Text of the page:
Be honest, you’re really excited that it’s almost summer. You’re looking forward to longer days, shorts-and-slops-weather and … mosquitoes. Wait, what?
Not really. But this year, you could be armed with a secret weapon. Plant these eight plants that discourage mosquitoes, without any mosquito casualties. It’s a win-win situation!
You need to know, however, that many of these plants actually need a little help from their friends (ie., you, dear reader) to repel mosquitoes: most of these plants don’t repel mosquitoes “just like that.” You have to plant them in high traffic areas where they might get in the way and be crushed, releasing their scent and oils, you need to make posies out of some, and you need to burn others. Remember, however, to read up about each individual plant first to ensure that it’s safe for you, your children and pets to touch and use.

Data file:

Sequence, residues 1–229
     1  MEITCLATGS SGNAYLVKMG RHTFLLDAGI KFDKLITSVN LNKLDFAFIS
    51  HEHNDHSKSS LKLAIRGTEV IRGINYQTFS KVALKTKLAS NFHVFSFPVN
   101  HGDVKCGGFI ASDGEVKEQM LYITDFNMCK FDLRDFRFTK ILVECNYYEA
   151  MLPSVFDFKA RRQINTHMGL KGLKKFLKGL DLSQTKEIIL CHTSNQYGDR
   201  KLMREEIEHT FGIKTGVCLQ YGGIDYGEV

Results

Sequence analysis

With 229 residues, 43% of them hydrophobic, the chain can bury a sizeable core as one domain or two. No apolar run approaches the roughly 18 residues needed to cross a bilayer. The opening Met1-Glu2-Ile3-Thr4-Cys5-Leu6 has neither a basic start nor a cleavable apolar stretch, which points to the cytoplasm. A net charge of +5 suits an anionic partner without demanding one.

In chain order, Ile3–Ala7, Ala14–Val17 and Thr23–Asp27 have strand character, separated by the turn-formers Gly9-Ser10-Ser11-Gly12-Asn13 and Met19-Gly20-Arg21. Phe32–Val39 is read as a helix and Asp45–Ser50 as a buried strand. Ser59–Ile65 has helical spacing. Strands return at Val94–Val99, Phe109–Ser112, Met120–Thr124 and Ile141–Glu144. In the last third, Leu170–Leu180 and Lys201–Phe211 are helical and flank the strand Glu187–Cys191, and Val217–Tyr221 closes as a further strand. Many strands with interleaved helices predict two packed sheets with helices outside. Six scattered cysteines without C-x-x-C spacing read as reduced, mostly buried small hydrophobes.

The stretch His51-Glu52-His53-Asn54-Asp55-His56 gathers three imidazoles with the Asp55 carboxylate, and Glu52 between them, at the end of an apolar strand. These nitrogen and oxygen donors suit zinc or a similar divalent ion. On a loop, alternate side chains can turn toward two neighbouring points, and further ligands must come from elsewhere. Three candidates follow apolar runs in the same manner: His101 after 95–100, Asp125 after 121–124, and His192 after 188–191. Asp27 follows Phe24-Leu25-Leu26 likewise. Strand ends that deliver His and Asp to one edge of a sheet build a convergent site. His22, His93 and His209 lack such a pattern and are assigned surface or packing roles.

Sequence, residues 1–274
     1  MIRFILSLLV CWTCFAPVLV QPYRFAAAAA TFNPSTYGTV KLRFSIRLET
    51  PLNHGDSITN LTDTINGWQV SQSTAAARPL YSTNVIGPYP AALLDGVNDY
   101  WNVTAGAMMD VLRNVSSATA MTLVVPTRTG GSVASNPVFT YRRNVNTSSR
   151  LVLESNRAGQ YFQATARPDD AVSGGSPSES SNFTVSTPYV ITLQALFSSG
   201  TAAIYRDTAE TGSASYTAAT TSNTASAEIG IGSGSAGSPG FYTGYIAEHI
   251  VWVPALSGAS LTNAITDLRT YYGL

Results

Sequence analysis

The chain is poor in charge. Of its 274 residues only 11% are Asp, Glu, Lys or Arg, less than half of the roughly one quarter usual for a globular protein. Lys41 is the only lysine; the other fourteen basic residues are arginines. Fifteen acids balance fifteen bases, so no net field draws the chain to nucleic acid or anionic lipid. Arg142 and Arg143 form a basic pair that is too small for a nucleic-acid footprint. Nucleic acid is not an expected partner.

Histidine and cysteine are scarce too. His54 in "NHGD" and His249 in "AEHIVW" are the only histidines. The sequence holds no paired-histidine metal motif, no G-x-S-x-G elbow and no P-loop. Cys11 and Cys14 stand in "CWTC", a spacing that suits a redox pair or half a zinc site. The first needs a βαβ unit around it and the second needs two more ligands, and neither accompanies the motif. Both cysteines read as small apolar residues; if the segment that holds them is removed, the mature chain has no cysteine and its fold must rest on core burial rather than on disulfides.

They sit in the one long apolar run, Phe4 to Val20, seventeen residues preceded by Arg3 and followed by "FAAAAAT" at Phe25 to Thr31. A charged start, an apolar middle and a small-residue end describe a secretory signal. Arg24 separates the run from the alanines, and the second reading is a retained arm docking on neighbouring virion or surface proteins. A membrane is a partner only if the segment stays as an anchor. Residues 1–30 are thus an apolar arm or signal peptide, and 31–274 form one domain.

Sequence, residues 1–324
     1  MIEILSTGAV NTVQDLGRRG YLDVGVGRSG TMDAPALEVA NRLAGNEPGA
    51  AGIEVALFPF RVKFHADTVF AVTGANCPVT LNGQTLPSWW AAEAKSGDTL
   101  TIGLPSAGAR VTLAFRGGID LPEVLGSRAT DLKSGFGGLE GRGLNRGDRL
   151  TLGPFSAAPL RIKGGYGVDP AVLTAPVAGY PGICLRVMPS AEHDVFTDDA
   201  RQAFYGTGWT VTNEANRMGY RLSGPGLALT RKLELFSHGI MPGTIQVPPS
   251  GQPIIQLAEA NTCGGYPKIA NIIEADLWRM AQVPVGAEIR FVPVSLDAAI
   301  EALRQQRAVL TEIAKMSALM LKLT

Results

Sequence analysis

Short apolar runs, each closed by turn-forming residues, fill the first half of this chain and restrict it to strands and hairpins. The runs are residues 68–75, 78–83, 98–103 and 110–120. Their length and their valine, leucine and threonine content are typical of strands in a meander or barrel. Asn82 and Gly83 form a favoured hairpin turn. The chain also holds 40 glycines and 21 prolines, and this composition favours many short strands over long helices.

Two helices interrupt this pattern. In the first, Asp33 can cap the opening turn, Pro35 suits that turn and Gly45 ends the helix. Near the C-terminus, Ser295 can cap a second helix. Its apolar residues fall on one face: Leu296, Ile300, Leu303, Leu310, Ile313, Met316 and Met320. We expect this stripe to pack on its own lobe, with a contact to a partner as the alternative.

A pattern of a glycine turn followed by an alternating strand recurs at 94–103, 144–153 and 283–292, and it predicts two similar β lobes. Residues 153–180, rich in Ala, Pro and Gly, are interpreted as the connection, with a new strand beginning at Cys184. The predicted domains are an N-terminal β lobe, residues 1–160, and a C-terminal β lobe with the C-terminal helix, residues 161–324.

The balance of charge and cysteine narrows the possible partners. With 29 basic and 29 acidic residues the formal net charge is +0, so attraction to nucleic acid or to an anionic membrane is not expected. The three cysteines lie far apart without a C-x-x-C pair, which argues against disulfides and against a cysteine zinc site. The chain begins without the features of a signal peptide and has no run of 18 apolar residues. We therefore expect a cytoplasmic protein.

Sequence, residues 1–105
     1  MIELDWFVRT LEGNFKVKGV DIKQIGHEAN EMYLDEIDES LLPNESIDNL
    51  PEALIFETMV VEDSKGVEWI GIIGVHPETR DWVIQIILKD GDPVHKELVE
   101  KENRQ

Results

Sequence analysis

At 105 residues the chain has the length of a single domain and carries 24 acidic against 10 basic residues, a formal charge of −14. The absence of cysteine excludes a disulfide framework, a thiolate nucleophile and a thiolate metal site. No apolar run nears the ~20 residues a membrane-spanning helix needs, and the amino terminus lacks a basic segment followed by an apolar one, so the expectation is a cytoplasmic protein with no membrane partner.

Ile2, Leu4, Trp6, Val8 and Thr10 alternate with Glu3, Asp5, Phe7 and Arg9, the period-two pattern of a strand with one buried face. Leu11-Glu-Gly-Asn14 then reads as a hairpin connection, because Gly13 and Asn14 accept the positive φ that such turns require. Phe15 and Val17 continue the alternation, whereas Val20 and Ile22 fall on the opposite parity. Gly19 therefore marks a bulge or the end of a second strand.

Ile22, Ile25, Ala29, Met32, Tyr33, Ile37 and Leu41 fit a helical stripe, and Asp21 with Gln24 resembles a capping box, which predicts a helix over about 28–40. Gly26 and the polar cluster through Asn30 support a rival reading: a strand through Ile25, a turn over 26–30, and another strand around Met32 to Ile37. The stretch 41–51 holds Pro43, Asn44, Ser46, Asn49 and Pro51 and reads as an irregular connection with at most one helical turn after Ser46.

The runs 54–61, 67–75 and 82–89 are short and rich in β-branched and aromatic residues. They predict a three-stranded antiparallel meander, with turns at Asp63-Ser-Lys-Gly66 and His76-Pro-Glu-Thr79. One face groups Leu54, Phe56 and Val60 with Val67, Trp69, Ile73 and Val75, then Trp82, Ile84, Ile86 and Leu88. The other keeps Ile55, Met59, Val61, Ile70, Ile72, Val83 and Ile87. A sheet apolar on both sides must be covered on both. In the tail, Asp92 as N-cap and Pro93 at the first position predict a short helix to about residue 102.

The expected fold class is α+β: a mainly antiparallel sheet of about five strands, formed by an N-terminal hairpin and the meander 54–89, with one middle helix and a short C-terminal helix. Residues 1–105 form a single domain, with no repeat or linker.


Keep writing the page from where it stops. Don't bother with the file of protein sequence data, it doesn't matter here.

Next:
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Here are 8 plants that discourage mosquitoes:
- Rosemary: Plant it near the home, crush the leaves, make posies, or burn it to discourage mosquitoes.
- Sage: Plant near the home, crush the leaves, make posies, or burn the dried plant.
- Wild sage: Plant near home, crush the leaves.
- Thyme: Crush the leaves, or burn.
- Lemon thyme: Plant near your home and crush the leaves.
- Basil: This purportedly works as is, so plant it in or near your home, but crushing it may help.
- Catnip: Plant near home. Warning! Will not repel cats!
- Marigolds: These flowers actually repel many pests: plant them near your home and near plants that need some big sibling protection from other insects.
While we all deal with mozzies in the summer, check your home to see if there are other ways of discouraging these little bloodsuckers. Make sure that there is no stagnant water in your garden, and that all leaking pipes are fixed.
Also remember that while these plants might help somewhat in keeping mosquitoes away, they won’t create a barrier that keeps 100% of them away. If you live in or visit a malaria-risk area, remember to take all the necessary precautions to avoid getting bitten and possible exposure to the disease.
Words Catherine Schenck – All4Women